the Germans is assured, in addition to the assess
ment of $4,000,000,000 in gold as indemnity. To
this 2s now added the condition that all Russian
troops must be withdrawn from Turkish territory
occupied since the beginning of the present war,
and restoration to'Turkey of provinces seized by
Russia in former wars. Here is a new light on
German purposes. The kaiser makes no bones
about turning over to his unspeakable ally the
people rescued from Moslem domination in days
gone by, but raises a voice of righteous protest
when any talk is heard of restoring Alsace and
Lorraine-to the French. In this, however, he is
consistent; any advantage to the Turk extends
the influence of a German Vassal. What is to be
determined is whether the Russian troops occu
pying Turkish territory will obey orders from
the Petrograd council, and deliver Armenia and
other provinces over to the Turkish butchers.
Aside from this, though, the comparison between
Germany's pretensions and performances ought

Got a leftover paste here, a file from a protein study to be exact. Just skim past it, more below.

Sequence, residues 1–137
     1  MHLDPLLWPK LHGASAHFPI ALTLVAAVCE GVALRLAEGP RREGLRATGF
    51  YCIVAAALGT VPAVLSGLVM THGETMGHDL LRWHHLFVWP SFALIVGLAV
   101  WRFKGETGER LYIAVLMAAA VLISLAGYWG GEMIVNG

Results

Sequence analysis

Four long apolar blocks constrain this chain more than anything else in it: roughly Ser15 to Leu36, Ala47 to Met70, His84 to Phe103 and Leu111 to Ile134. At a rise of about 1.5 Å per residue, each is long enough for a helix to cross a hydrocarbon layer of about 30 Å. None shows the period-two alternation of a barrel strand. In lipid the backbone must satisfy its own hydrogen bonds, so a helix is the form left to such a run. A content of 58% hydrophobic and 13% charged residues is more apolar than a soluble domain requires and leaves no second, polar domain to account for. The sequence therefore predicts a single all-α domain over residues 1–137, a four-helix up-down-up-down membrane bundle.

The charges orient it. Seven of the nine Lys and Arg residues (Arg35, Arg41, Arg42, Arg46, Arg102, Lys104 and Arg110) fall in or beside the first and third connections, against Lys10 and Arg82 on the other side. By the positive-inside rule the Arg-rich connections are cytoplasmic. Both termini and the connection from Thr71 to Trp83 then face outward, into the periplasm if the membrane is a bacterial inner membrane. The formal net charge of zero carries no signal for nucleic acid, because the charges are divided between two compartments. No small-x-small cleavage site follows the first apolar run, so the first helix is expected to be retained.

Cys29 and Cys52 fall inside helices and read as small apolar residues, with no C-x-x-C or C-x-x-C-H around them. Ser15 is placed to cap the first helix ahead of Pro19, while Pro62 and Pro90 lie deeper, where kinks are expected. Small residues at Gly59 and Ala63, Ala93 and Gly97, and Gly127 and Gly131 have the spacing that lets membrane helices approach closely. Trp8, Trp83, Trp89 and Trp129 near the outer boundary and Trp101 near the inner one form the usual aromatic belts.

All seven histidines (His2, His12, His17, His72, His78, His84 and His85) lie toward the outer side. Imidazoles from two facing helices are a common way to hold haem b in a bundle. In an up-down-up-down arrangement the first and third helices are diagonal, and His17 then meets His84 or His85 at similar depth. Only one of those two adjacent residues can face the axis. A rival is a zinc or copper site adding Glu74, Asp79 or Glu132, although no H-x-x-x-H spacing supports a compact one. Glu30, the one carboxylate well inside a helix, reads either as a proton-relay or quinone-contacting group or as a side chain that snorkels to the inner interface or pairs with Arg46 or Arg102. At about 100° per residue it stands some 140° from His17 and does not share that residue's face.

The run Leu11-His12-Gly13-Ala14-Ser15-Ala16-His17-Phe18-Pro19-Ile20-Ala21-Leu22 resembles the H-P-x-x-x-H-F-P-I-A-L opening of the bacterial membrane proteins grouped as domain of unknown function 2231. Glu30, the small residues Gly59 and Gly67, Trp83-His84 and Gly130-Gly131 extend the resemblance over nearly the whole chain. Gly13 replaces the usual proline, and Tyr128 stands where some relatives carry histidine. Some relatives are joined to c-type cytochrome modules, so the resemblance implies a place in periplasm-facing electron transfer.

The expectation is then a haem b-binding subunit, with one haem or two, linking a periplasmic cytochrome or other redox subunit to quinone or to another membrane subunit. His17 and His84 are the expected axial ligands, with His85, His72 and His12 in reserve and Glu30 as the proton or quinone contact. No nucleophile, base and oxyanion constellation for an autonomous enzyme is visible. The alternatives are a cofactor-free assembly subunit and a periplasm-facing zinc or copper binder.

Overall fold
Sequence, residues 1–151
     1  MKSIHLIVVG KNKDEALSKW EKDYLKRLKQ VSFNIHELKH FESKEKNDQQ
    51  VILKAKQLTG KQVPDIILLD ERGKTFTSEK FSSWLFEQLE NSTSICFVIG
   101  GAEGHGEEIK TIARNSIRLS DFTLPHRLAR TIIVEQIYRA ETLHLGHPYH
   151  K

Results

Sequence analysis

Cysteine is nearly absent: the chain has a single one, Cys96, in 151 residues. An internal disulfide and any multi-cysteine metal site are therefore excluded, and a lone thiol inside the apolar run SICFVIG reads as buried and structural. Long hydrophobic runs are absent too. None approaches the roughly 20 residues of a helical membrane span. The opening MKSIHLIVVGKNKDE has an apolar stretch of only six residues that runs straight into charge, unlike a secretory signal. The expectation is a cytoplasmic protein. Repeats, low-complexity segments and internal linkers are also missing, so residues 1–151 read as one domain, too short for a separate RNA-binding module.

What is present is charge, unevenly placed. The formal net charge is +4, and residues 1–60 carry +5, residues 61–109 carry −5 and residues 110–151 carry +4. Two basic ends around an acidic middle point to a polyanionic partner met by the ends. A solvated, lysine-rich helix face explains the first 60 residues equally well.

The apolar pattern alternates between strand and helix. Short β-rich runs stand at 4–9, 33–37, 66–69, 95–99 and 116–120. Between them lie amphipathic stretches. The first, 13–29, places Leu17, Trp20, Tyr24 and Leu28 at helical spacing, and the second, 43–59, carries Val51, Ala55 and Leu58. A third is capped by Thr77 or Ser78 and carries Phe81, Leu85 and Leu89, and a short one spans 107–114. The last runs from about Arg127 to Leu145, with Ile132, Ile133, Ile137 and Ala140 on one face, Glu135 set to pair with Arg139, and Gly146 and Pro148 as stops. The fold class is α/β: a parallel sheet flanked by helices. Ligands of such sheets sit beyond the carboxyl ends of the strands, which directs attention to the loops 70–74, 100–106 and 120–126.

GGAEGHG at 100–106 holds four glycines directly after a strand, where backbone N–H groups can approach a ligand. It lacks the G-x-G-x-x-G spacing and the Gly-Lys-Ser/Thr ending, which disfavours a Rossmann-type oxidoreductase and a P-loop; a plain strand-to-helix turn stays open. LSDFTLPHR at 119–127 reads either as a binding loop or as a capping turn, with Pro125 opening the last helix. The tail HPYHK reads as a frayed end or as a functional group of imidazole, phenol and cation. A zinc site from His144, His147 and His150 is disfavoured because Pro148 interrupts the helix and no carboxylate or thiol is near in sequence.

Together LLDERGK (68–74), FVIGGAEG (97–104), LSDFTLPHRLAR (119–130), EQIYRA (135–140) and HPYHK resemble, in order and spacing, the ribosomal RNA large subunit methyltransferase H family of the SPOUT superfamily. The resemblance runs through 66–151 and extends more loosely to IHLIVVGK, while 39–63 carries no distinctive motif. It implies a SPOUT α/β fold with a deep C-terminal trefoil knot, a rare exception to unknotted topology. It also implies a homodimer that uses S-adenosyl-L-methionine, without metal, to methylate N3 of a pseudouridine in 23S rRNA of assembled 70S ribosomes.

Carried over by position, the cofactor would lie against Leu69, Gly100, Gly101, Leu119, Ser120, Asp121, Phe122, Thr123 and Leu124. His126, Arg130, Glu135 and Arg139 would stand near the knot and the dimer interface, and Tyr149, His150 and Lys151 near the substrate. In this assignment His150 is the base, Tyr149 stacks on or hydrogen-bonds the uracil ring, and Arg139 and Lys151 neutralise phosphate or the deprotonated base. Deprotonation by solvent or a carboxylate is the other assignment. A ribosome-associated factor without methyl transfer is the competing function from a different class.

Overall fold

to convince any who care to consider the facts
what may be expected in event of German victory.
Not a Time for Temporizing.
President Wilson is understood to be hesitant
in regard to the intervention of Japan in Siberia
because of his regard fof the feelings of the Rus
sians. This devotion to ideals has marked' the
course of the president from the beginning, but
it is questionable, to say the least, if American
interests at this time do not transcend senti
mental obligations to a people that has ceased to
defend itself. Germany is in ascendancy in Rus
sia, and soon will be in control. Millions of tons
of war supplies of all kinds have already fallen
into the hands of the German conquerors, and
other millions are threatened to go the same way
unless steps to preserve them are promptly taken.
This is the main element of the problem.